Mount Grace Priory, is the best preserved and most accessible of the ten medieval Carthusian houses (charterhouses) in England. Set in woodlands, it was founded in 1398 by Thomas Holland, 1st Duke of Surrey, the son of King Richard II's half-brother Thomas, Earl of Kent, it was the last monastery established in Yorkshire, and one of the few founded anywhere in Britain in the period between the Black Death (1349–50) and the Reformation.
Mount Grace Priory was a fairly small establishment, with space for a prior and twenty-three monks. It consisted of a church and two cloisters. The northern cloister had sixteen cells whilst the southern had five cells, Frater and Prior's house and the Chapter House. To the west stood the lay brothers' quarters and the guest house.
The priory was closed in 1539 during the dissolution of the monasteries by King Henry VIII. The priory was sold and the religious buildings were partially dismantled or left to fall into ruins. The ruins of the guest-house of the priory were incorporated into two later houses: a seventeenth-century manor and the larger house of 1900–01. The Manor House at the priory was decorated in Arts and Crafts style under the ownership of Sir Isaac Lowthian Bell, a wealthy industrialist.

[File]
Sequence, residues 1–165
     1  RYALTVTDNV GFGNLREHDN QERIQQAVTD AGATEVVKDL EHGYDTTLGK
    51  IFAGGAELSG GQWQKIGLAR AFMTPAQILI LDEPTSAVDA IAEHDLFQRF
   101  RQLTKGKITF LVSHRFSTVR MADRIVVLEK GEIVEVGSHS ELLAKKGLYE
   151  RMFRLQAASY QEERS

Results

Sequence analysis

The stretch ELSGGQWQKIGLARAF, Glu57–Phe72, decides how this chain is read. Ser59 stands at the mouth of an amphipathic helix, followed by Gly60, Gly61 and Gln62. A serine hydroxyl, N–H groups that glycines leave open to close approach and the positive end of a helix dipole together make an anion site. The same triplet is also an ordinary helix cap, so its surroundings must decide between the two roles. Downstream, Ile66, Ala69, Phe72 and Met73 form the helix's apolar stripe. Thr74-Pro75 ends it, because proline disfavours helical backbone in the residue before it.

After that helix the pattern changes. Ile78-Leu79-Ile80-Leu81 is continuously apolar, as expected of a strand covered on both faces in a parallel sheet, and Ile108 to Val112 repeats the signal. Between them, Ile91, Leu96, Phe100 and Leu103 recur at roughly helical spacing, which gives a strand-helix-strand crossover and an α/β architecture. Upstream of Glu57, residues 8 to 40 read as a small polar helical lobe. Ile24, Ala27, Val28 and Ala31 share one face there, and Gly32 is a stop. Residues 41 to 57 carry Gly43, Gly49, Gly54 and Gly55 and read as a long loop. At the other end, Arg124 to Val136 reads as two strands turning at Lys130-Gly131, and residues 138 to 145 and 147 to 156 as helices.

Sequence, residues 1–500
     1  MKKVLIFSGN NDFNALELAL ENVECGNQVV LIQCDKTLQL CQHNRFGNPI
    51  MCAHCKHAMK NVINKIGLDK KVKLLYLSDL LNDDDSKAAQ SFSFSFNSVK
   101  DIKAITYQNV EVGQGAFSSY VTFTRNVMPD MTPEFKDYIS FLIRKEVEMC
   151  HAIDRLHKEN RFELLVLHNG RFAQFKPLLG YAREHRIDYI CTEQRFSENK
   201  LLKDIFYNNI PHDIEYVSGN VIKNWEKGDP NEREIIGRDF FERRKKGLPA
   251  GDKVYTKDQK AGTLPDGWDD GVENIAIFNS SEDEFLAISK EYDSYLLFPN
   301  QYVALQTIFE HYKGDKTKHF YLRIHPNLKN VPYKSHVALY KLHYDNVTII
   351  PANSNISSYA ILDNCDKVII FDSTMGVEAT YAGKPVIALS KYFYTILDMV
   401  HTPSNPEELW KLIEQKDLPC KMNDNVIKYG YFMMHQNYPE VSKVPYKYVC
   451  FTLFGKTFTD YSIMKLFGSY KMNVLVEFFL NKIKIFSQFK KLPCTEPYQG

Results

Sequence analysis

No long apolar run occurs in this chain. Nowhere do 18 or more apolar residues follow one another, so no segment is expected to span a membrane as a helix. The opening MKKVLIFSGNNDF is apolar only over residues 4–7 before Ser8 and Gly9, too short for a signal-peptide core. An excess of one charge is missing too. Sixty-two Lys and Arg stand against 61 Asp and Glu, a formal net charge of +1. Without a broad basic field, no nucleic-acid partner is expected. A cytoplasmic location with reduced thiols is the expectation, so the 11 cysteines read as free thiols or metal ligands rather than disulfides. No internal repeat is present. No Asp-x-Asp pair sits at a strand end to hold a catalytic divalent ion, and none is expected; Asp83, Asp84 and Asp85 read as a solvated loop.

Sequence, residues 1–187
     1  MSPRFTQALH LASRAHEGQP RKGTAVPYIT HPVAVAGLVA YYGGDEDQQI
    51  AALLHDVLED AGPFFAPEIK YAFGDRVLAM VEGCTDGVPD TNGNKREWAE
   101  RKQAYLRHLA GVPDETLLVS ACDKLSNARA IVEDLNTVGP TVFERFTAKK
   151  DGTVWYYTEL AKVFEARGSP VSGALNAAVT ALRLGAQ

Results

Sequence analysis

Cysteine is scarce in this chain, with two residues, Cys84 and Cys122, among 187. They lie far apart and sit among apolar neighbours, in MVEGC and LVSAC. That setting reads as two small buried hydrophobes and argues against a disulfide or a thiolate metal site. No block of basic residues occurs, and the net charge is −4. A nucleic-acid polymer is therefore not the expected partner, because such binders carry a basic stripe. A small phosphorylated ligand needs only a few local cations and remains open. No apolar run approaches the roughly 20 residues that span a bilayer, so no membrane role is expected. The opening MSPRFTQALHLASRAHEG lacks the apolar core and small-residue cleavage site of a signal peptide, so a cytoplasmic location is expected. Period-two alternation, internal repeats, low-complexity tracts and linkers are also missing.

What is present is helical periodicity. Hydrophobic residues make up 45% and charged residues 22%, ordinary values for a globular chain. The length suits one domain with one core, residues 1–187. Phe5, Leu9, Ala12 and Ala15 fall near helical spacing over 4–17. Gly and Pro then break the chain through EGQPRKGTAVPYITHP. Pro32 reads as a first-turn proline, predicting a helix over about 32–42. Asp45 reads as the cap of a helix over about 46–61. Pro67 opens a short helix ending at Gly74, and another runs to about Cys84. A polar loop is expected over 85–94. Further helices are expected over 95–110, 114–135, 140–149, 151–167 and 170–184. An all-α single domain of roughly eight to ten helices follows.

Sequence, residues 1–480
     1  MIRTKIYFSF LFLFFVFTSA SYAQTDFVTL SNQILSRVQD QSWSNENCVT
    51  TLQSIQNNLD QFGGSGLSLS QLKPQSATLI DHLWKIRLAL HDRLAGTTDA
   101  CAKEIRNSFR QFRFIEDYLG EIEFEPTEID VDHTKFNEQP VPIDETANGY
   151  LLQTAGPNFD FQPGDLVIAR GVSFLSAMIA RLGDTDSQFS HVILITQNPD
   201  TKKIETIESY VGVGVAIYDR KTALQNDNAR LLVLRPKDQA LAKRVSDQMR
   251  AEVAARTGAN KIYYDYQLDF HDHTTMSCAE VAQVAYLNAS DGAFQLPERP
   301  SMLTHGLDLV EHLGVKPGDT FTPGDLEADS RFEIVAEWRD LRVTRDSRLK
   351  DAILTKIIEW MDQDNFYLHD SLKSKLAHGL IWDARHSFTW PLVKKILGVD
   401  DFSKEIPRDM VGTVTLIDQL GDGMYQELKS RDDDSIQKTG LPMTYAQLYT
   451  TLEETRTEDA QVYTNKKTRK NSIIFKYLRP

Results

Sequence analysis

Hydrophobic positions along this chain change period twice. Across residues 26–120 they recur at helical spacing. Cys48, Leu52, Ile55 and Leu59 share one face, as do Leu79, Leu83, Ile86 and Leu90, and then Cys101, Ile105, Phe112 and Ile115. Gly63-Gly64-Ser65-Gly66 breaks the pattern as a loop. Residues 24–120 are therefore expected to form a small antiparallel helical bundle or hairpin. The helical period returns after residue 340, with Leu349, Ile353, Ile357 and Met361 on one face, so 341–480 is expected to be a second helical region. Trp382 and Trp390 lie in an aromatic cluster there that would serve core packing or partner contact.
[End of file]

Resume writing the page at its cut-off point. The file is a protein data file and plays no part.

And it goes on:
The site was given to the nation by the Bell family in 1953. It is now owned by the National Trust and managed by English Heritage.
The priory ruins are Grade I-listed (English Heritage Building ID: 332435 Link
British Listed buildings). The manor house/guesthouse is also listed Grade II* by English Heritage (English Heritage Building ID: 332434 Link
British Listed Buildings).
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